Given those two constraints, I guess that only leaves going up and down King Street as the main use. And that's not bad at all, but it's not going to take advantage of the broader network effects that are possible with bikeshare.

by Alex B. on Jun 2, 2011 10:22 am • linkreport

I'm an alexandria resident, why would i support 400,000 dollars for 54 bikes?????????

by SA on Jun 2, 2011 10:32 am • linkreport

Re: Alexandria CaBi

What a great way to get from the King Street Metro and Old Town.

Re: UMD Purple Line

Thank goodness. Maryland would've made a huge mistake locating a new transit service so far away from the center of campus. The placement of the Metro so far from campus was a mistake, and this is a chance to correct it.

by Adam L on Jun 2, 2011 10:43 am • linkreport

Re: Alexandria CaBi

I think it could work--it would be a great way for visitors to get around town. I think one station at the Metro and another at the waterfront is obvious (that waterfront station will get full almost immediately on weekend days, though), another on or near the southern end of Washington street, maybe one at or near the "halfway" point between Metro and waterfront (will be very difficult to find the space for a station, though), another up by the cluster of high rise apartment buildings by Whole Foods, and a sixth...somewhere.

I personally have my own bike (and live in Old Town) and will probably not use CaBi to get around town on a regular basis, but I *would* most certainly use it to commute to/from Crystal City on days when I've taken transit one way due to weather (or laziness) but would like to ride home, or days like last week when my own bike breaks down and spends quality time in the shop. Is this the vision of CaBi? Maybe not, but it would get me to subscribe to the service (which I don't do now).

by Catherine on Jun 2, 2011 11:14 am • linkreport

With six stations, Alexandria could place these near their existing trails. Looking at the Alexandria map a, here are my seven recommended sites:

1. In Arlandria/Del Ray, near the Four Mile Run trail
2. NVCC and W Braddock Road, near the W&OD pickup
3. By the Ramsay Rec Center and N Beauregard St, near Holmes Run Trail.
4. At the Beatley Central Library, near Holmes Run and Cameron Run
5. A central location near the King Street metro
6. At the Waterfront near the start for the northern portion of the Mount Vernon Trail
7. In the Potomac Yard development, now under construction.

by smoke_jaguar4 on Jun 2, 2011 11:19 am • linkreport

If there is demand for shared bicycles, wouldn't one expect a number of companies to start offering the service in likely locations? If no companies come to the forefront, doesn't that suggest the market demand might be insufficient to support a service or service in particular locations? In that event, taxpayers dollars should be spent on other projects, just like the so-called "Outer Beltway" craved by developers and land speculators should be built privately as a toll road. Tax dollars should not be used to subsidize real estate development or money-losing businesses.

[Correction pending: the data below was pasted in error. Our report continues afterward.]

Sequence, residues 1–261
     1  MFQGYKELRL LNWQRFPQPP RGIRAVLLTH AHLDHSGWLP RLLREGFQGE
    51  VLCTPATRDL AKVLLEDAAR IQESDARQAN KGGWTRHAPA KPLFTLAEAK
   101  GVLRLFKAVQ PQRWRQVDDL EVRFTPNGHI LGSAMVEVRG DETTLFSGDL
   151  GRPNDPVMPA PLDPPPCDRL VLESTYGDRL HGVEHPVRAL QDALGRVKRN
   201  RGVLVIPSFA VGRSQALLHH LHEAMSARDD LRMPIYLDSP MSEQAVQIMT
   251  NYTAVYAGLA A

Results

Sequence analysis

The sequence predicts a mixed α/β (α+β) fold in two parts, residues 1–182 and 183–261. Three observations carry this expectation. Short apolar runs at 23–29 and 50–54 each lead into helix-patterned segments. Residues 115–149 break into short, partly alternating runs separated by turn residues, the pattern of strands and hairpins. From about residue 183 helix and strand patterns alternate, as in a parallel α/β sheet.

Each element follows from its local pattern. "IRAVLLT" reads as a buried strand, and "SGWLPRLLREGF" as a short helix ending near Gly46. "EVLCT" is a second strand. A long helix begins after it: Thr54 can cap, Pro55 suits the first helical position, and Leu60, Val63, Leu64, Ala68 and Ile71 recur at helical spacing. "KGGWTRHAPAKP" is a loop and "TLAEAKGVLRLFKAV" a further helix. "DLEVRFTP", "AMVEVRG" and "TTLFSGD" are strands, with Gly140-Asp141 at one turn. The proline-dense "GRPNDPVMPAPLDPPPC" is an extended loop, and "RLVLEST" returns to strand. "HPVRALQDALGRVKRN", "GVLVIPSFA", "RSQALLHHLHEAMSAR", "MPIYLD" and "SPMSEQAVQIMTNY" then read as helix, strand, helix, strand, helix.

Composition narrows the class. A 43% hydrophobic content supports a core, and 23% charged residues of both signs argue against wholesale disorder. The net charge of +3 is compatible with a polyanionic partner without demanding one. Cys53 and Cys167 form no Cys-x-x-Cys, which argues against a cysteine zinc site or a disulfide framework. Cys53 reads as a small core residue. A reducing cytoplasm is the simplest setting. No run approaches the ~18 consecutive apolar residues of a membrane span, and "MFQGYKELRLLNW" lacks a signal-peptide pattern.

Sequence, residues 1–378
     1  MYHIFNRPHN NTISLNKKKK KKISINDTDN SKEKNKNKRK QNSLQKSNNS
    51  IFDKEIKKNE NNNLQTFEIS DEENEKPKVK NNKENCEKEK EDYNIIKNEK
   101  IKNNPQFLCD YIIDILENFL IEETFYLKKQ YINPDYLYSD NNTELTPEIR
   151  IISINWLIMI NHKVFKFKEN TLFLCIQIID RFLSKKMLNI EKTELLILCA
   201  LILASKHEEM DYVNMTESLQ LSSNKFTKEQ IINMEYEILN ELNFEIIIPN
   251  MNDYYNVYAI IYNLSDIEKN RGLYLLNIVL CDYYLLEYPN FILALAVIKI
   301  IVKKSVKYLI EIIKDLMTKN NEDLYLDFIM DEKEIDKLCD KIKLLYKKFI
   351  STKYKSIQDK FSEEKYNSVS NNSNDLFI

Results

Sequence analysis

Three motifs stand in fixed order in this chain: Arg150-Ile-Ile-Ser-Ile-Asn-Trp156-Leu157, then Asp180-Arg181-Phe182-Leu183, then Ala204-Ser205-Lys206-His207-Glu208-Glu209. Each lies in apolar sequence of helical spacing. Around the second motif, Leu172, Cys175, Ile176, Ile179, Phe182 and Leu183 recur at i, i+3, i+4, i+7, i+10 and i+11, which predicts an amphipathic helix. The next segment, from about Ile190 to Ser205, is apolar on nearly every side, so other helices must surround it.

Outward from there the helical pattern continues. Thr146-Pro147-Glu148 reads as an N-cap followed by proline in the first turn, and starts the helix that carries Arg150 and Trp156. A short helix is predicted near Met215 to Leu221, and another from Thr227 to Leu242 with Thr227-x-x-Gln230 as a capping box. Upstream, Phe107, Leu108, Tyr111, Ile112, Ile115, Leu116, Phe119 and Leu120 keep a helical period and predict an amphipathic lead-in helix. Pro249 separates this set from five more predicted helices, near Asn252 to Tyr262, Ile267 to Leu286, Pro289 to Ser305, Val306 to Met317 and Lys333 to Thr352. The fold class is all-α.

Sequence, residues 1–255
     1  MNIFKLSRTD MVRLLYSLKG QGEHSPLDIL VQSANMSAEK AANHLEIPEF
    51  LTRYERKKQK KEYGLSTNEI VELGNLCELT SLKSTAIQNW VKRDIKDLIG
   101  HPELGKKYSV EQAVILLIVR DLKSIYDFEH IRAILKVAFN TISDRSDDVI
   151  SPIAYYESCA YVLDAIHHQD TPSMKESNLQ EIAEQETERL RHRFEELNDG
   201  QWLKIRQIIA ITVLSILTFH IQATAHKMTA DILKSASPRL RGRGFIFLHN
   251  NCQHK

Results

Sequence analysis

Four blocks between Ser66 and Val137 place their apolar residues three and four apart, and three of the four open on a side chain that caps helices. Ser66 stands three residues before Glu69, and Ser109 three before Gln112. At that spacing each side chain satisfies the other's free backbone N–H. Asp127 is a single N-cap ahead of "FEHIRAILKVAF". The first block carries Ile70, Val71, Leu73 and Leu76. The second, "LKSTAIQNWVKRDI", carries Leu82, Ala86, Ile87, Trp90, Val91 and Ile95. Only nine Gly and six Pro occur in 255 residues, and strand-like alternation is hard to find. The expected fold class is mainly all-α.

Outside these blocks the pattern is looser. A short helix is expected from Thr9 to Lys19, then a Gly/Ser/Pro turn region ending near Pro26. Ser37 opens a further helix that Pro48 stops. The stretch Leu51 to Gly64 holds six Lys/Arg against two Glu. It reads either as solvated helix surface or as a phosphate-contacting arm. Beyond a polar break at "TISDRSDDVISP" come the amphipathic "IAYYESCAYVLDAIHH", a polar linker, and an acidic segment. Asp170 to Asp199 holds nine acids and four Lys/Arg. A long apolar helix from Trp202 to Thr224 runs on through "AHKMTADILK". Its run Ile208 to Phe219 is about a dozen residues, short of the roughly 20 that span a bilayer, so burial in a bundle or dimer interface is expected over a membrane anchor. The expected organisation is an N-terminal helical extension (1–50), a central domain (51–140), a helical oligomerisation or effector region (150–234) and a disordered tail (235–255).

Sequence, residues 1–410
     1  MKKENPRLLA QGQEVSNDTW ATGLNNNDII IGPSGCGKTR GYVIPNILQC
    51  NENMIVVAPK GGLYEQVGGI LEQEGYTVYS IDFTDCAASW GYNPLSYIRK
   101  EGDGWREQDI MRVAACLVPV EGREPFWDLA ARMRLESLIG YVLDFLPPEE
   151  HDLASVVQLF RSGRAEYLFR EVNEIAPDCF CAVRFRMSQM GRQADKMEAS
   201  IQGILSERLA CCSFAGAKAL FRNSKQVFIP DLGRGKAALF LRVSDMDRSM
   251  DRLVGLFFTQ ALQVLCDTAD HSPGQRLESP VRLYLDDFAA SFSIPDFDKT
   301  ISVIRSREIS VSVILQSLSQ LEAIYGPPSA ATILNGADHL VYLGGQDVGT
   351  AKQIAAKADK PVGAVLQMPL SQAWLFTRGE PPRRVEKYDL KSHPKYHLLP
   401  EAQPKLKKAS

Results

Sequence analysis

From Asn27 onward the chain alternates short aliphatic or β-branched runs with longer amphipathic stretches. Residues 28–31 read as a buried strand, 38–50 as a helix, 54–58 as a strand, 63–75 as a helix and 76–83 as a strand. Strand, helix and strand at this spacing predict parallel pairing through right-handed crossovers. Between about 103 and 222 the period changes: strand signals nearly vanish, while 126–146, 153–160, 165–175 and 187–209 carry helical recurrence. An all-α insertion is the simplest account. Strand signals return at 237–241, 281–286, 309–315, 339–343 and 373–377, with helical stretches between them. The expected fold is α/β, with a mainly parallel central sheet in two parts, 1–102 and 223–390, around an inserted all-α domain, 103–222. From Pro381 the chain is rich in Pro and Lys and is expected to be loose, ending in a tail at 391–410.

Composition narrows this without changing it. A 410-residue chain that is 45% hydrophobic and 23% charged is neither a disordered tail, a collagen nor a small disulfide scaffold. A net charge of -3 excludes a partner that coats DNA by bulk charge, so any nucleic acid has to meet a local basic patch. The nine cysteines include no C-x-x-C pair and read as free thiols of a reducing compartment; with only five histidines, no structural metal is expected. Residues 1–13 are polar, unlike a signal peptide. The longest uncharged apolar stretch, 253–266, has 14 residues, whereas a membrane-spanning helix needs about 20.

by tmtfairfax on Jun 2, 2011 11:35 am • linkreport

the 400k isn't just the bikes its also the permits, installation, and labor. Also the money for the first phase is coming from a federal grant (ostensibly still your tax dollars) but to say its just for bikes is a little disingenuos.

by Canaan on Jun 2, 2011 11:39 am • linkreport


I was under the impression that CaBi worked best if it was concentrated in a small area. The parts of Alexandria you mention are rather spread out. It might work best to keep them in Old Town.

by Ghost_Bear on Jun 2, 2011 12:02 pm • linkreport

@Alex, et al,

This first Alexandria CaBi phase is coming from a grant, but not a Federal grant as I understand it. This grant is separate from the $400K in FY2013 CMAQ money that Alexandria has designated for Bikeshare. So what you'll get is these initial 6 stations (which will be located in Old Town and possibly 1 or 2 in Carlyle), and an additional 8 stations as early as autumn of next year.

by Froggie on Jun 2, 2011 12:22 pm • linkreport

For a 6-station pilot, it makes sense to keep them in a small footprint.

On King Street, I'd think King Street Metro, the Waterfront, and two stations in between -- maybe one around Fayette or Henry, and one in between Washington and Market Square.

For the additional two stations, maybe putting two on Duke Street to slightly stretch the axis.

The question is: can you demonstrate a successful pilot when it is just those six Metro passenger/tourist-oriented stations, without having the next phase already in development. If

Alexandria can have their next phase mapped out (5-20 more stations stretching up Washington to Slaters Lane, or to Braddock Road Metro/Potomac Yards, or out on Mt. Vernon to Del Ray, or to Eisenhower Ave, etc.), the likelihood of locals buying Bikeshare memberships would likely be much higher than if they just do the pilot as an Old Town standalone with a wait-and-see approach.

A proposed second phase (whether following the GW Parkway or Rte 1 corridors) would also show the potential for connection with the existing Crystal City stations, increasing the options for people in both jurisdictions.

by Jacques on Jun 2, 2011 12:31 pm • linkreport

As a local, I think I'd prefer the CaBi stations to run up Mount Vernon Avenue through Del Ray as well as along King Street to the Waterfront. Those would orient well with the existing Metro stations.

by Craig on Jun 2, 2011 12:59 pm • linkreport

My personal theory on bike sharing is that the fewer stations you have the farther apart you need to put them. For example it Maryland had only two, I might put them at the Bethesda and Silver Spring Metro stations to allow people to use Capital Crescent Trail to get between both. [If you think about a train line, a train that stopped only in DC and Baltimore might do well, but one that stopped only at Union Station and L'Enfant Plaza might not].

I think putting 6 stations so that each is 0.25 miles away (too far to walk for most people) makes sense. This drives up the cost of dockblocking, but it makes the system more useful when it works.